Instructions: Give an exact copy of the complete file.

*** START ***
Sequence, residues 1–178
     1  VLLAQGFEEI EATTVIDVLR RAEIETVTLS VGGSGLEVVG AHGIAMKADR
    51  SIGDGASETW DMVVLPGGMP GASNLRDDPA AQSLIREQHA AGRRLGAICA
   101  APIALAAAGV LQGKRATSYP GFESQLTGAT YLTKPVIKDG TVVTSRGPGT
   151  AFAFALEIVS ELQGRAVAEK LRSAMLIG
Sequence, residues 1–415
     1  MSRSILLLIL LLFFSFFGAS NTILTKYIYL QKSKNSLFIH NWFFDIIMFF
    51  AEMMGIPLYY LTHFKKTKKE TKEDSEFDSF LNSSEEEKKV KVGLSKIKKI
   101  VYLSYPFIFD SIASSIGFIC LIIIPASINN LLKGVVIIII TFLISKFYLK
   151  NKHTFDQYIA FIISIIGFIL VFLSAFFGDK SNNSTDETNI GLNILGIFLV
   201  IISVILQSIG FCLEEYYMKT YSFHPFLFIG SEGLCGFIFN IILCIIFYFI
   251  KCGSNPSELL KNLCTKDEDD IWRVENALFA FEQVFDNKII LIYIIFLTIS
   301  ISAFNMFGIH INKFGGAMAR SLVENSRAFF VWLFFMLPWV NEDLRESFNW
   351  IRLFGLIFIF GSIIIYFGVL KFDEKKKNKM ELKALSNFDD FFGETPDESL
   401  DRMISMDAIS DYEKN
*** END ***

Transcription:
Sequence, residues 1–178
     1  VLLAQGFEEI EATTVIDVLR RAEIETVTLS VGGSGLEVVG AHGIAMKADR
    51  SIGDGASETW DMVVLPGGMP GASNLRDDPA AQSLIREQHA AGRRLGAICA
   101  APIALAAAGV LQGKRATSYP GFESQLTGAT YLTKPVIKDG TVVTSRGPGT
   151  AFAFALEIVS ELQGRAVAEK LRSAMLIG
Sequence, residues 1–415
     1  MSRSILLLIL LLFFSFFGAS NTILTKYIYL QKSKNSLFIH NWFFDIIMFF
    51  AEMMGIPLYY LTHFKKTKKE TKEDSEFDSF LNSSEEEKKV KVGLSKIKKI
   101  VYLSYPFIFD SIASSIGFIC LIIIPASINN LLKGVVIIII TFLISKFYLK
   151  NKHTFDQYIA FIISIIGFIL VFLSAFFGDK SNNSTDETNI GLNILGIFLV
   201  IISVILQSIG FCLEEYYMKT YSFHPFLFIG SEGLCGFIFN IILCIIFYFI
   251  KCGSNPSELL KNLCTKDEDD IWRVENALFA FEQVFDNKII LIYIIFLTIS
   301  ISAFNMFGIH INKFGGAMAR SLVENSRAFF VWLFFMLPWV NEDLRESFNW
   351  IRLFGLIFIF GSIIIYFGVL KFDEKKKNKM ELKALSNFDD FFGETPDESL
   401  DRMISMDAIS DYEKN